Stats are nice. Stats do not lie. People can interpret statistics differently but the stats do not lie. In Parts 1 and 2, we've looked at season stats and the advanced stats, so in Part 3, we're going to look at each individual game and see how much the defense held the opponents down or the opponent beat the defenses' average.
A lot of this premise goes back to what is called The Baylor Effect. The writers at OurDailyBears.com have a term called The Baylor Effect, which is the measure of how much Baylor directly affects the opponents defensive average. Baylor has been one of the most prolific offenses over the past few years and when you play Baylor, you can expect your defense to give up around 25% more yards/points/plays, etc. I think this is a great premise. An elite offense or defense is going to effect an opponents average and measuring this effect is something that speaks volumes about your team.
|Rush Yards Per Game||352.5||187.9||235||128.8||290||218.5||207.6||224.8||97.3||191.5||161.5|
|Rush Yards vs WVU||195||173||107||134||304||227||179||277||82||93||98|
|Yards Per Carry (Season)||6.4||5.2||5.2||3.6||5.6||5.1||5.6||5.1||2.7||4.5||3.8|
|Yards Per Carry vs WVU||3.4||6||3.2||3.5||6.1||5.8||4.3||5.1||2.7||2.3||2|
|Pass Yards Per Game (Season)||58.3||177.6||307.9||352.2||298.2||340.2||385.4||145.9||212||225.7||179.8|
|Pass Yards vs WVU||29||153||320||228||389||389||199||162||127||191||206|
|Yards Per Pass (Season)||5.8||5.3||9.3||8.9||9.8||8.7||8.4||6.9||5.7||6.5||6.5|
|Yards Per Pass vs WVU||2.2||4.3||12.8||5.3||11.4||7.9||5.5||8.5||3.4||4.9||6.6|
|Completion Percentage (Season)||39.1%||46.7%||67.2%||63.1%||58.0%||62.3%||64.5%||55.2%||52.9%||56.5%||46.7%|
|Completion Percentage vs WVU||15.3%||38.8%||56.0%||51.1%||61.7%||67.3%||61.1%||57.8%||35.1%||48.7%||27.0%|
|Total Yards Per Game||410.8||365.5||542.9||481||588.2||558.6||593||370.8||309.3||417.3||341.4|
|Total Yards vs WVU||224||326||427||362||693||616||378||439||209||284||304|
|Points Per Game||33.5||22.4||45.8||42||46.4||39.1||45.5||26.4||13.2||24.5||30.2|
|Points vs WVU||0||6||44||33||62||40||26||20||0||6||24|
The season opener against Georgia Southern set the tone for the defense. Against a quirky option offense, Tony Gibson and his defense staff devised a plan to play physical, play fast, play mean and play hard. West Virginia held GSU under 200 yards rushing, something only 3 teams accomplished this year. The Georgia Bulldogs can't say that. Karl Joseph announced his presence in this game, intercepting 3 passes in one quarter and firmly supplanting himself as the Mountaineers best player. This win was one of four where the Mountaineers held a team below their season average in every category.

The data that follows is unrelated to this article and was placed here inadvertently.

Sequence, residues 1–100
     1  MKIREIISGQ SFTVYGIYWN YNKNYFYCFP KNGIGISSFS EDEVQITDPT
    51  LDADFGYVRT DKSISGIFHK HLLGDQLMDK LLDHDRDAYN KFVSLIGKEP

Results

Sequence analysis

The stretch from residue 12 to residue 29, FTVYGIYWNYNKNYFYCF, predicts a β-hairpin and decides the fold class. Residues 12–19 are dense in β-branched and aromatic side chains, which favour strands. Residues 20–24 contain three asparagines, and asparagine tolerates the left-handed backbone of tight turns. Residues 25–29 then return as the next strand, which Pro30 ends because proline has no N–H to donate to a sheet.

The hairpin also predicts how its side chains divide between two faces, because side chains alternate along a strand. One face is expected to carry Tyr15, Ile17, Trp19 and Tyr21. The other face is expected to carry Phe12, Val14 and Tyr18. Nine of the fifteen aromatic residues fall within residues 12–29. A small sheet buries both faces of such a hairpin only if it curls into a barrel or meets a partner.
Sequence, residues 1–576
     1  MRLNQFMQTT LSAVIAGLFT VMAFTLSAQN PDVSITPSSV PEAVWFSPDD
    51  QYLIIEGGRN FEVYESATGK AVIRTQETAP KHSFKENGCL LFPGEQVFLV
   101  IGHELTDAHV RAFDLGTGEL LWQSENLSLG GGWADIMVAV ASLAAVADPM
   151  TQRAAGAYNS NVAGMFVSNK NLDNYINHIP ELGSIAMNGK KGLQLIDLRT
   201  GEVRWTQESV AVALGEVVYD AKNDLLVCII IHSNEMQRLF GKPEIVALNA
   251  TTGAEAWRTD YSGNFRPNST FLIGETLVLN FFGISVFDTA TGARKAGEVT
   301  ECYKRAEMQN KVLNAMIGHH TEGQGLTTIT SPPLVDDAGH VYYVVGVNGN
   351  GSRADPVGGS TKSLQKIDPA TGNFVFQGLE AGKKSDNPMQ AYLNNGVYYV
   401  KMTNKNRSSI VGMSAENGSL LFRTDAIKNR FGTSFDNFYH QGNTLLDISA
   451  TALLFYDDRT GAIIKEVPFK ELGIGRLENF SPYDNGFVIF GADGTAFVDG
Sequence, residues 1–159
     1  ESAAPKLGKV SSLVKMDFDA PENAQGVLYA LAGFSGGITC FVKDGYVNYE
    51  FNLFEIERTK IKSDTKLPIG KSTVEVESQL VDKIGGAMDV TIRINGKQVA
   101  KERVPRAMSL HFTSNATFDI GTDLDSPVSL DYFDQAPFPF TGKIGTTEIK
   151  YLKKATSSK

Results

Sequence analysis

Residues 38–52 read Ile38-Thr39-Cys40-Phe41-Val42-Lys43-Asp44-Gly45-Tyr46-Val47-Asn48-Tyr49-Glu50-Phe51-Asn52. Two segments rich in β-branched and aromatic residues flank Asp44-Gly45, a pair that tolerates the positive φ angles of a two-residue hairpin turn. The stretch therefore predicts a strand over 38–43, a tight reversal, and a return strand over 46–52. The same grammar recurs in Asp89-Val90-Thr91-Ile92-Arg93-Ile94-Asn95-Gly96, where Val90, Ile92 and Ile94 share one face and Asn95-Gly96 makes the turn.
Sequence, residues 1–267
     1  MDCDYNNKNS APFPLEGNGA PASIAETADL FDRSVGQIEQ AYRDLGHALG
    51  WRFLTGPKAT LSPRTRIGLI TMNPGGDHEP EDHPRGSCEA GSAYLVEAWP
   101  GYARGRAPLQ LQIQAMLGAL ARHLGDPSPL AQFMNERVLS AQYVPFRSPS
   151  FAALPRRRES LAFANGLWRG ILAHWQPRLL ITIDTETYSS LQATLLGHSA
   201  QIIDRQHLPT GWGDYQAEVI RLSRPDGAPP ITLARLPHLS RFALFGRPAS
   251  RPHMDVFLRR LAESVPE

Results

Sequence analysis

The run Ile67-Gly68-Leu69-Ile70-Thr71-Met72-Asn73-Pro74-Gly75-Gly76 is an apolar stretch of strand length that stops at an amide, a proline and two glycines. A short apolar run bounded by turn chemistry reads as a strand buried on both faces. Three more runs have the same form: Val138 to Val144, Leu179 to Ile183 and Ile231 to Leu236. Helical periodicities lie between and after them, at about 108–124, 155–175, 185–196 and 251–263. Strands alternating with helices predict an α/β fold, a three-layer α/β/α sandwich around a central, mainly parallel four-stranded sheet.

After a FCS game against Liberty, WVU took on Maryland in Morgantown. This game has typically been viewed as a measuring stick game. If this game was a measuring stick, it must have been short. The Mountaineers held a second straight FBS opponent to under 40% completion percentage. This game offered the first sign that perhaps the defense could be broken with the big play. WVU allowed Maryland to gain 6 yards per rush.
The crack in the dam that signaled fan uneasiness, inept offense and even worse, that the defense was incapable of simply carrying this team. Oklahoma used a 17 point outburst in the 2nd quarter to quickly deflate the defense. This game showed flashes of greatness; WVU held the #16 rushing offense to 128 yards below their season average. Samaje Perine only had 65 yards and Karl Joseph waffle ironed Samaje when he tried to knock Karl over. Karl - 1, Samaje - down.
The one take away I had from this game was that despite 44 points on the scoreboard, the defense did a great job of stiffening up when put in a position where OU was all but guaranteed to score. The offense would give the ball away in WVU territory and the defense stood tall, forcing a 3-and-out, and only allowing a field goal.
The first of two "What-If" games. The Mountaineer defense, playing their first game without Karl Joseph since the Orange Bowl victory over Clemson, played inspired football. For the fourth time this season, the defense held an FBS opponent under 60% passing and for the 3rd time held a team to 100 yards less than their season total. It was also the fourth time this season that WVU held an opponent to under their season scoring average. If Jared Barber isn't washed away on a fourth down play in overtime, this is a game the fanbase is talking about the resiliency and determination of this Mountaineer squad.
The dam broke. There is no other way to say it other than Baylor, playing at home in front of a rowdy, pumped up crowd, looking for revenge for their only loss in 2014, was the better, more physical team. Baylor outdid every single one of their season averages against West Virginia. Baylor scored more points, more total yards, more rushing yards and more passing yards against West Virginia. This is quite possibly the best Baylor looked all season. It was also one of the last games that junior Seth Russel would play. Many of Baylor's averages are brought down by the two replacement quarterbacks Baylor was forced to field in the wake of Russel's injury.